pared to younger people. The exact opposite effect for previous divorce was found for noncohabitors. Forthisgroup, having a former marriage was detrimental to their current marriage. This is consistent with previous research that indicated that once you have divorced you are more likely to have other divorces in your future. The research literature on cohabitation has indicated several variables that differentiate cohabitors from noncohabitors. These variables' effects on the quality of a subsequent marriage have not been previously examined. Cohabitors have been found to be less clothesconscious, less law abidant, and more liberal than noncohabitants (Newcomb & Bentler, 1980). On the other hand, our simple predictive correlations indicate that cohabitors have a more successful marriage when they are relatively more clothes-conscious, more law abidant, and less liberal. The opposite is true for noncohabitors. It seemsclearthatat least in terms of these three variables, what distinguishes cohabitors from noncohabitors are the very qualities that predict an unsuccessful marriage. Apparently more traditionalism, at least for these variables, for cohabitors and less traditionalism for noncohabitors, allow for a better adapted marriage. This should not be over-generalized since other indicators of traditionalism that discriminated cohabitors from noncohabitors (e.g., androgyny and religious commitment) have no predictive influence on marital outcome for either group. Using six selected variables, multiple regression equations predicting marital success were generated for cohabitors and noncohabitors. Both significantly predicted marital success. When comparing these two equations, two features are particularly noteworthy. First, the equation generated for cohabitors predicted marital success significantly more effectively than the equation for noncohabitors. And second, when the triweight vectors are compared for the two equations not a single variable has the same influence in bothgroups. Although the presence or absence of cohabitation has no direct influence on theoveralloutcome of a marriage, there are apparently very different and sometimes opposite forces operating to promote marital success for cohabitors compared to noncohabitors. It seems clear from the data that the impact of premarital cohabitation on a subsequent marriage is not a simple nor direct relationship, but rather is multifaceted. There are two, not mutuallyexclusive ways, oflookingat thedifferences obtained. One way is to assume that the actual experience of cohabitation has somehow produced the variations we have noticed in the marital outcome indices. The other way is to assume that cohabitation attracts a certain type of person, who would havea particular type of marriage regardless of whether he or she had cohabited or not. Most likely both of these viewpoints are partially correct and our discussions have speculated with both possibilities. In spite of these interpretation difficulties, we can conclude that cohabitation is apparently not the cause nor cure-all for the currently high divorce rates in this country. Like most things in this life it is a mixed blessing, helping some aspects and hindering others in the marital relationship.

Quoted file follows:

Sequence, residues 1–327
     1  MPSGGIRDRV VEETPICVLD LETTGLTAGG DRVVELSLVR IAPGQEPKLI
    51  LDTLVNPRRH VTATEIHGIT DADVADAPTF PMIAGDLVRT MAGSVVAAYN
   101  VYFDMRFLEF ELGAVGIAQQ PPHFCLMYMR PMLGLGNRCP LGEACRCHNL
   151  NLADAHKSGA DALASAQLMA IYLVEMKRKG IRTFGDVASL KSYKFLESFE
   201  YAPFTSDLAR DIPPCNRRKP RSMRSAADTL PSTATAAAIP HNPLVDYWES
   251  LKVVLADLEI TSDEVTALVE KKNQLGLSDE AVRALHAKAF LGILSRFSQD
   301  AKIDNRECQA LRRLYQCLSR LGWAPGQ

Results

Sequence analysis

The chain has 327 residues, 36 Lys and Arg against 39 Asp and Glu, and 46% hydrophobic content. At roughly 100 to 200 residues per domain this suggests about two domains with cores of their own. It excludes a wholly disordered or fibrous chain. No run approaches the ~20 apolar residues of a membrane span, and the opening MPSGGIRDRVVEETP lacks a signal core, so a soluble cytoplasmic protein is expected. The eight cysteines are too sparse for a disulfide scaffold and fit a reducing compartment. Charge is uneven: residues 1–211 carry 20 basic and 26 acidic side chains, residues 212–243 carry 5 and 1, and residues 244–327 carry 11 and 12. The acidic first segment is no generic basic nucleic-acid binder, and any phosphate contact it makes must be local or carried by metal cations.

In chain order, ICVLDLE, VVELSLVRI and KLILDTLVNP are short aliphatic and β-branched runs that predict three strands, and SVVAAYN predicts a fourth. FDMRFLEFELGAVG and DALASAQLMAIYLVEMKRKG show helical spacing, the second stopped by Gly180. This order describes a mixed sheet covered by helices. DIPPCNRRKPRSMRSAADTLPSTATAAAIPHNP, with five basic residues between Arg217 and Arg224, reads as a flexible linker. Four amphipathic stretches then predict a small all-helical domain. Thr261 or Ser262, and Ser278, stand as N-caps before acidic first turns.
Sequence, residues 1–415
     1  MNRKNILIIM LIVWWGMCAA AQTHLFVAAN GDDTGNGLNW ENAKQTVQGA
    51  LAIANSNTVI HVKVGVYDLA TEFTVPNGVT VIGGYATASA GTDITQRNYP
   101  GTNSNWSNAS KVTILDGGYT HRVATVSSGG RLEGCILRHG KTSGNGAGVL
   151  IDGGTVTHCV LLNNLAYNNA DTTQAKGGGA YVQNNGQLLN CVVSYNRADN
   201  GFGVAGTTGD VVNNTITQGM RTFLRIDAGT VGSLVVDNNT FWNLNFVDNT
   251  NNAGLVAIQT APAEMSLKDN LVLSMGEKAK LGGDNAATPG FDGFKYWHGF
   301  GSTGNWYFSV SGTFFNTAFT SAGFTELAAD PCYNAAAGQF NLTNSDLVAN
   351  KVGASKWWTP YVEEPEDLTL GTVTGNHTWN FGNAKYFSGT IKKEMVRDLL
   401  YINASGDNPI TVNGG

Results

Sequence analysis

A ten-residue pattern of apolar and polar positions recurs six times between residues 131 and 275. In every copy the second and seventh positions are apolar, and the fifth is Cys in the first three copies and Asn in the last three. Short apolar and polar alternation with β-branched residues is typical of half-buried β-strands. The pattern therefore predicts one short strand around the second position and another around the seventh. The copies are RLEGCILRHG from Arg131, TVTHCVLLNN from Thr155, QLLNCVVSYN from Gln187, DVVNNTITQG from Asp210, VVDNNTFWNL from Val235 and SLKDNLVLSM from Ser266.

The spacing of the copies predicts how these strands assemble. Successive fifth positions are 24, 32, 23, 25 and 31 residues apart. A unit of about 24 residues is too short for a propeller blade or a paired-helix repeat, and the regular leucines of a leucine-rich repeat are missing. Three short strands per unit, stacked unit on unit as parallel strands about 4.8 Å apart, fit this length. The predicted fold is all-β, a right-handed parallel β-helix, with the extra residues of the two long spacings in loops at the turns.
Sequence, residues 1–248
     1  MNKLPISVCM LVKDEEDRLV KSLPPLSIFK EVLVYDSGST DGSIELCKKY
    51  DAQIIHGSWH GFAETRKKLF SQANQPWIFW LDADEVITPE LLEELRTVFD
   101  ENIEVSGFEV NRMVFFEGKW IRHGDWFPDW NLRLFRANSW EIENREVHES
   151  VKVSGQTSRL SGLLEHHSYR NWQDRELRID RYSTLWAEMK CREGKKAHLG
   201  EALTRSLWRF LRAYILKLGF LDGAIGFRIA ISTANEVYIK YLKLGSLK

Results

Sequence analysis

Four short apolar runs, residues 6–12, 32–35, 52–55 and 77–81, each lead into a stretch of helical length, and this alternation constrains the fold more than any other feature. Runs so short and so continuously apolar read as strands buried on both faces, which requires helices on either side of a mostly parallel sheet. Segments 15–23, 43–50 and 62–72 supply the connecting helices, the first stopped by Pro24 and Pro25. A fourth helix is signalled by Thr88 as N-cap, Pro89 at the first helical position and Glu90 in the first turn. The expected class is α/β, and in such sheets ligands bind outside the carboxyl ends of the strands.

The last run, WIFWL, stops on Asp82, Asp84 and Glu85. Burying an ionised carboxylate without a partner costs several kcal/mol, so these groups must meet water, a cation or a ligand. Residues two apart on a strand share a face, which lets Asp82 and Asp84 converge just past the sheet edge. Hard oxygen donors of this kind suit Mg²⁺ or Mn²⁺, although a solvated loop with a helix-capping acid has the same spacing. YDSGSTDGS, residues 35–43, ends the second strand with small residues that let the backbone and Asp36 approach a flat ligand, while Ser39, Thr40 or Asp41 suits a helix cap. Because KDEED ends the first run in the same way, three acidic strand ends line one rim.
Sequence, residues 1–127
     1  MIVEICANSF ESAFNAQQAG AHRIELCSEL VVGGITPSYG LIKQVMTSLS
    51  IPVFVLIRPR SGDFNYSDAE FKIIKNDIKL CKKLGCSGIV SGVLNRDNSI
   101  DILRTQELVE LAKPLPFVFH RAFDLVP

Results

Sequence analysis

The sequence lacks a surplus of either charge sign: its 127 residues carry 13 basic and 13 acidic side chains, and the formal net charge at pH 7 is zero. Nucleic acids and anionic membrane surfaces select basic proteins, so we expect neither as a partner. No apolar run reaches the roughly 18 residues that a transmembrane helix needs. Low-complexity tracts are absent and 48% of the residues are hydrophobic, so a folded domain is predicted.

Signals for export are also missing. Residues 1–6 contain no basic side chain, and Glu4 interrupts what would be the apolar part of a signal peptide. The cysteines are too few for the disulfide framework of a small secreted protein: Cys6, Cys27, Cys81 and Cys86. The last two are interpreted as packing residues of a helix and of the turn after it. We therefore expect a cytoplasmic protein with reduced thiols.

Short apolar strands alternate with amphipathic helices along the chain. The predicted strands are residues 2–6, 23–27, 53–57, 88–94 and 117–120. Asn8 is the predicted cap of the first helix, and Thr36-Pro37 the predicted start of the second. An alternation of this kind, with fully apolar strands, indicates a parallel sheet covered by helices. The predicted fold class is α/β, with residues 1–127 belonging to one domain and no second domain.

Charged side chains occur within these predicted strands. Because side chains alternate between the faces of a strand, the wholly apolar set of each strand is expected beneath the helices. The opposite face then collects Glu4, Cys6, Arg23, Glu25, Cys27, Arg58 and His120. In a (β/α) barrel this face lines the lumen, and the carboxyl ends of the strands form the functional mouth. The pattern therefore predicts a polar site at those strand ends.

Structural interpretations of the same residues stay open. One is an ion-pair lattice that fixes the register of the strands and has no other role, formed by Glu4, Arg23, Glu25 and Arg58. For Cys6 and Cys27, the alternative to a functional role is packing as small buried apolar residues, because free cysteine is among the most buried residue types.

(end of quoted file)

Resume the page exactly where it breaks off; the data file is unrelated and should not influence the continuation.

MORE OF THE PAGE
Reference Notes I . Clatworthy,N. M.,&Shield, L. A comparisonof married couples: Premarital cohabitants with non-premarital cohabitants. Unpublished manuscript, Ohio State University, 1977. Lyness, J. F. Open marriageamong former cohabitants: We havemet theenemy: Is it us?Unpublished manuscript, Pennsylvania State University, 1976. Berger, M. E. Trialmarriagefollowup. Unpublished manuscript, 1974. Cole, C. M., & Vincent, J. P. Cognitiveandbehavioral patrerns in cohabitive and marital d19ads.Unpublished manuscript, University of Texas Medical Branch, 1977.